Exploring strategies to increase the prominence of local music on Namibian airwaves. This committee can draw on international examples and engage with stakeholders to formulate and/or improve effective and culturally sensitive policies.

The provision under Rule 28 of the broadcasting regulations, which mandates broadcasting licensees to make reasonable efforts to evenly distribute local content broadcasts daily throughout the performance period, suffers from vagueness and ambiguity. 

The term “reasonable efforts” lacks clear criteria, leading to subjective interpretations among broadcasters. This ambiguity could result in inconsistent application of the rule, affecting the equitable exposure of local content across different broadcasters.

Moreover, the requirement to “evenly distribute” local content lacks a precise definition, failing to specify whether it pertains to equal time slots, broadcast frequency, or geographical coverage. This lack of clarity may lead to varying practices among broadcasters, potentially resulting in the unbalanced promotion of local content. 

Furthermore, the absence of specific guidelines for measuring compliance poses challenges for broadcasters in maintaining accurate records and demonstrating adherence to the rule, complicating efforts by regulatory bodies to ensure effective implementation and accountability.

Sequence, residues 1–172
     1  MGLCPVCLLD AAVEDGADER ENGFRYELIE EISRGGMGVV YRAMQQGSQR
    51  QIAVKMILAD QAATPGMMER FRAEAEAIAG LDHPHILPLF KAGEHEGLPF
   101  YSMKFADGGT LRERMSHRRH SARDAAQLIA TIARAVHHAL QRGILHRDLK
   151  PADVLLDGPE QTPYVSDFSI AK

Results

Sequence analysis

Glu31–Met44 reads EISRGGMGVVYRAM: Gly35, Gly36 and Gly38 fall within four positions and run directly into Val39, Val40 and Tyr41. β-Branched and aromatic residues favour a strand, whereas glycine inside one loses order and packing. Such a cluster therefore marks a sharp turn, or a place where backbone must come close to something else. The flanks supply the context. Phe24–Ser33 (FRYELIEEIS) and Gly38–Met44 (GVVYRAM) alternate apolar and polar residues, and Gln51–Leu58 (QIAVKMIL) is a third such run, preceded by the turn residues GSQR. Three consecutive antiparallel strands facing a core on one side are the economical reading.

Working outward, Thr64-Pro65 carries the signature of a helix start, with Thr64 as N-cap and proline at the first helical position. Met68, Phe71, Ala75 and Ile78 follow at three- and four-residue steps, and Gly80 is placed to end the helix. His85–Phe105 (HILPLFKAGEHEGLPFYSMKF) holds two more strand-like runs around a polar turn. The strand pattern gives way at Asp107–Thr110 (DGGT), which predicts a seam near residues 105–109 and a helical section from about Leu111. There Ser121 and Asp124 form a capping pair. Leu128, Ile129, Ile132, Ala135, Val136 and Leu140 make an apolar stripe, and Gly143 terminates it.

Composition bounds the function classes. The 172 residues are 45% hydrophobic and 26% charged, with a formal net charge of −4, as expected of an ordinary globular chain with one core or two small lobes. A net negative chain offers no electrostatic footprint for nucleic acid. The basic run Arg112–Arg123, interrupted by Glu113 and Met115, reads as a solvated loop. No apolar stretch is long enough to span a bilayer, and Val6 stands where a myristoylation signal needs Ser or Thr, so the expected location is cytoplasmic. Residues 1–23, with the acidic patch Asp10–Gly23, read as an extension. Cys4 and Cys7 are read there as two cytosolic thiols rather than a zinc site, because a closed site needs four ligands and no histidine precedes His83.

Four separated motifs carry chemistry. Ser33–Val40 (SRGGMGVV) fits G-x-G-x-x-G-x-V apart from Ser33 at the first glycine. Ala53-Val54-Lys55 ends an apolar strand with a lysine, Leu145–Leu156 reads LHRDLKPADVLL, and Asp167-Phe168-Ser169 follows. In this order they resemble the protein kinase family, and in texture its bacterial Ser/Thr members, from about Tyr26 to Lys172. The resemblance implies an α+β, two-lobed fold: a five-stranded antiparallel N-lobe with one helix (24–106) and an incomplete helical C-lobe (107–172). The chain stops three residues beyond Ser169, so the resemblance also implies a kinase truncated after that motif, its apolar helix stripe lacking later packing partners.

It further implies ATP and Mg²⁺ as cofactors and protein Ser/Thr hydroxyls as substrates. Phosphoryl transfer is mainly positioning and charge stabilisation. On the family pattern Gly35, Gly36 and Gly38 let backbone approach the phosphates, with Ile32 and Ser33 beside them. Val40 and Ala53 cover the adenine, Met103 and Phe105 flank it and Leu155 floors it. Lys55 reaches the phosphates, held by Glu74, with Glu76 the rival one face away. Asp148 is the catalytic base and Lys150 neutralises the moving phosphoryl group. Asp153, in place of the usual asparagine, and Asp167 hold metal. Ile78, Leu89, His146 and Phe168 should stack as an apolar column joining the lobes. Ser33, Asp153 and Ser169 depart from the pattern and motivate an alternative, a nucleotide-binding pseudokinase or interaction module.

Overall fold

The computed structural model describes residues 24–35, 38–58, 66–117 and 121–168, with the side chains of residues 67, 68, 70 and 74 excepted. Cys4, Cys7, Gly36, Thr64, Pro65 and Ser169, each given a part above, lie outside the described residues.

And so, while Rule 28 aims to promote regular and fair broadcasting of local content, its vague language regarding “reasonable efforts” and “even distribution” introduces uncertainty and inconsistent interpretations. Clearer definitions and guidelines are essential to improve transparency, consistency, and accountability in enforcing local content requirements across the broadcasting industry.

Furthermore, Rule 30 (record keeping) mandates that broadcasting licensees maintain detailed logs, statistical forms, and records of channels, programmes, and music. 

These records are essential for documenting all local content programmes or music broadcast during a performance period, as well as any expenditures related to local content initiatives as outlined in Rule 27(2)(d).

Finally, it is crucial for the committee to evaluate how effectively broadcasting licensees are adhering to these rules. This assessment should include verifying the accuracy and completeness of record-keeping practices, ensuring compliance with distribution requirements for local content, and evaluating the overall effectiveness of measurement methods used to monitor and report on local content broadcasting. 

By conducting this assessment, the committee can ensure that regulations are being followed and that local content requirements are being met in a transparent and accountable manner.